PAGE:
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Latest posts by Wintersong

April in Your Garden

Posted: 21/04/2012 at 18:13

Thanks for the info guys. Its nice to know your gardens as well as yourselves.

I made a mistake about my aspect, its North-West, not South-west a bit like when my driving instructor asks me to make a left turn and I go right

Ah well. A picture of my front patch which I planted up for ease and because its really crappy soil, lots of rubble and I wanted easy shrubs with lots contrast.

 The Cherry tree is desperate for a pruning, that's my backside up a ladder in early summer!  Its as tall as the house! As is the Ceanothus which is famous in my neighbourhood when it flowers in May. I brought a 5litre pot 15yrs ago and the nurseryman told me they can die at planting, so I took a baby and the mummy plant promptly died, and this was the baby *coughs* once! It goes round the corner now!

The front has wallflowers that self sow every year, a massive Hebe and the other side you cant see has Crocosmia, Sedum, Tulips and geranium Johnson's Blue as well as a Buddleia, and a climbing rose! All plants propgated or relocated to the front garden for ease.

April in Your Garden

Posted: 21/04/2012 at 16:16

Can I ask others to share their garden credentials?

I'd love to understand your gardens more.

April in Your Garden

Posted: 21/04/2012 at 15:54

My garden is 100ft long, average three bedroom house width, divided into three garden rooms and an end bit.

I am unsure how to classify my style but I do know that happiness is seeing sunlight on leaves. I must have neatness all year round and evergreen structure is essential. Artistically, shapes, forms, foliage, textures and leaf colours are my design considerations and I aspire to achieve drift/block planting that looks as good as CK and Sissinghurst.

My soil is sandy builder's rubble over clay subsoil and its south-west facing. 

My gardening fault is taking up to two years to place a plant (or stop moving it) because I'm terrible crap at that bit

April in Your Garden

Posted: 21/04/2012 at 15:27

It's mostly been sunny, bright or a quick shower today so I've been landscaping a patch of land at the very, very bottom of my garden that housed my cuttings, compost bins and one large veg bed which I halved for crop rotations. Oh, and stuff that needs to go to the tip, shame on me. My excuse is that I can't drive, but I can dig.

So, I now have a total of six veg beds although the two newest ones need good soil added yet, so I will fill them by next spring with compost and manure. I also dug over half of the paths between the beds to clear the perennial weeds and smooth it all out, (it slopes slightly) and I'll finish it off in the coming week. I don't have anything to make paths yet, but I really can't stand another year of mowing the lump weedy patch. I'll sort out some paving in the autumn probably. . Anyhow, I'm a very happy bunny, hope you guys are also.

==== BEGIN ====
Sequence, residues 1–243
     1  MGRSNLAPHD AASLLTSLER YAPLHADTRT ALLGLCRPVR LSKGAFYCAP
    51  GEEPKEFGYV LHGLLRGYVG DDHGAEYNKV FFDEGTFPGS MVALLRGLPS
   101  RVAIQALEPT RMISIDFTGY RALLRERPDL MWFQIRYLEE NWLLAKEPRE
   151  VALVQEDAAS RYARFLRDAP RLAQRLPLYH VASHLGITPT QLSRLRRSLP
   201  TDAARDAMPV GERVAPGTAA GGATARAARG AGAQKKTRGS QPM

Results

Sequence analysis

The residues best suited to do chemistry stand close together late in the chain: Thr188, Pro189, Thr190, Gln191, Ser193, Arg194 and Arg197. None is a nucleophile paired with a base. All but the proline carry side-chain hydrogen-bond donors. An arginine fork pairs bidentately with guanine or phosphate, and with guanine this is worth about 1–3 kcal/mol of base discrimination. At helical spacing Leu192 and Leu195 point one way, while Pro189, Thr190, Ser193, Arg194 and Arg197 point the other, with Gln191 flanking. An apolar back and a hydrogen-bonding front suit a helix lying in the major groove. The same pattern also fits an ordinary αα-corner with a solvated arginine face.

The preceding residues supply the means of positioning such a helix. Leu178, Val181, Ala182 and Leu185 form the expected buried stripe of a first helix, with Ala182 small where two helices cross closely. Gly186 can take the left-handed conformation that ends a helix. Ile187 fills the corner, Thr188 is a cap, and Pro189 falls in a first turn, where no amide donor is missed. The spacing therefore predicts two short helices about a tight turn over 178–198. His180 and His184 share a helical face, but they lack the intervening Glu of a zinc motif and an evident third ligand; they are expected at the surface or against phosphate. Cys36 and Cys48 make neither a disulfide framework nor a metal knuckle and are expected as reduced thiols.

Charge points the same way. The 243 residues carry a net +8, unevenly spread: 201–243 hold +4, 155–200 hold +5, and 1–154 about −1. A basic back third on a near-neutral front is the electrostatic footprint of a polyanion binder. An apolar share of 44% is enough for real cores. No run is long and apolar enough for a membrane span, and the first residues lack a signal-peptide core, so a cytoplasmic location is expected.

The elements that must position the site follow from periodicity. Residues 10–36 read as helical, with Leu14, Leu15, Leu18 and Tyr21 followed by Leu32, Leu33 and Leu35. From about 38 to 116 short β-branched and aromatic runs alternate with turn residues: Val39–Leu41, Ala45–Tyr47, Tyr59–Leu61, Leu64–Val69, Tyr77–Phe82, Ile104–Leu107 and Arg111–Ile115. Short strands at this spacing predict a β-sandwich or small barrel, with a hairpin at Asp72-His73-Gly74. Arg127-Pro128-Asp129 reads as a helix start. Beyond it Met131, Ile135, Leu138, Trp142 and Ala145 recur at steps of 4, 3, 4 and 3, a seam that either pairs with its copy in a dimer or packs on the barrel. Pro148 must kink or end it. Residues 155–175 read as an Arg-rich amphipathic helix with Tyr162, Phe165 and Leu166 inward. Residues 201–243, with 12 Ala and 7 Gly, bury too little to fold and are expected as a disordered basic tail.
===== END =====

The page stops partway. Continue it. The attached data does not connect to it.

Posted: 21/04/2012 at 09:07

Alliums, I am assuming you mean the globe flowered alliums, like sunny and dry. The soil might be too heavy. Allium leaves do die back but only when the plant is flowering, mid summer-ish. I can't tell you more sorry.

I just did a very quick google search and found which looks very useful for reference.

Who else loves the humble sempervivum

Posted: 21/04/2012 at 00:12

I expanded my collecting last year because I love the shape and forms as well as the colours. I take a lot of photos up close and personal as they have a slightly alien look. The common ones do fine all year round with me, but I brought a slightly tender blue type last year that I divided in the autumn and over wintered outside in pots. I should have protected them better because the snowy weather obliterated them, but now I've discovered they are shooting anew from further down the stems, so they're not actually dead, just knocked back. whoop whoop!

spring onions

Posted: 21/04/2012 at 00:04

My spring onions grew lovely last year, but I did sow leeks last year that all grew except one. It got left over winter as a puny thing ready to be pulled out this spring, but now its started growing again!

I have no idea why this happens, I live in South-East UK

Talkback: Growing alliums

Posted: 20/04/2012 at 23:31

@naomi4: Well, if its the globe type like mine, above, they send out lush growth early spring and then the leaves die back some time in June, when the flower spikes are in full bloom or slightly after. Maybe you have an earlier variety than me because right now, mine are still leafy without flower spikes yet   Keep an eye on them.

Why Miss Bateman?

Posted: 20/04/2012 at 22:50

Miss Bateman needs to grow some thorns up her long legs, infuse her petals with venom and maybe develop an insect digesting stomach pouch bit. Well, she needs something to toughen her up! 

I took various clematis cuttings last year and whilst I can't yet identify them because the stupid ink washed off the stupid special labels  If she is among them, I may test her in another part of the garden. More buds have been ruined since I picked off all the eaten ones.

Garden Gallery

Posted: 20/04/2012 at 22:41

@Eddie J: this is inspiring stuff but also what a treat for you!

Yes its backbreaking and budget blowing but in the end, its all your doing! I started with a blank canvas, nothing but a woody lavender, sawn-off fencing and a dodgy lawn. But I had no budget and hard landscaping was a thing of dreams. I'm still missing bits and pieces since my husband is recovering from a three year illness, its also jolly difficult trying to go around mature shrubs with paving slabs or concrete haha.

Anyways, well done Eddie. I'm also a sculptor and love the newest creation.

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Ooh ooh so excited!

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Talkback: Informal planting

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10 threads returned